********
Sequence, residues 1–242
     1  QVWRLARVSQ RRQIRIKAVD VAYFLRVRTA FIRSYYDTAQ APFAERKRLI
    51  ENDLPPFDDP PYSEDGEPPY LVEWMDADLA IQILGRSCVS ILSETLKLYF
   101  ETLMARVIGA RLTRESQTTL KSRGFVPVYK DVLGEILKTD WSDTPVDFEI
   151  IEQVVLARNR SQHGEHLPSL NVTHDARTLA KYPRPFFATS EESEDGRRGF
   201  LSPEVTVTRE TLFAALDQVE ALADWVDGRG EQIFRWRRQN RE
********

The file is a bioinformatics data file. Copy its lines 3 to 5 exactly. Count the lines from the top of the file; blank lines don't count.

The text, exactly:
    51  ENDLPPFDDP PYSEDGEPPY LVEWMDADLA IQILGRSCVS ILSETLKLYF
   101  ETLMARVIGA RLTRESQTTL KSRGFVPVYK DVLGEILKTD WSDTPVDFEI
   151  IEQVVLARNR SQHGEHLPSL NVTHDARTLA KYPRPFFATS EESEDGRRGF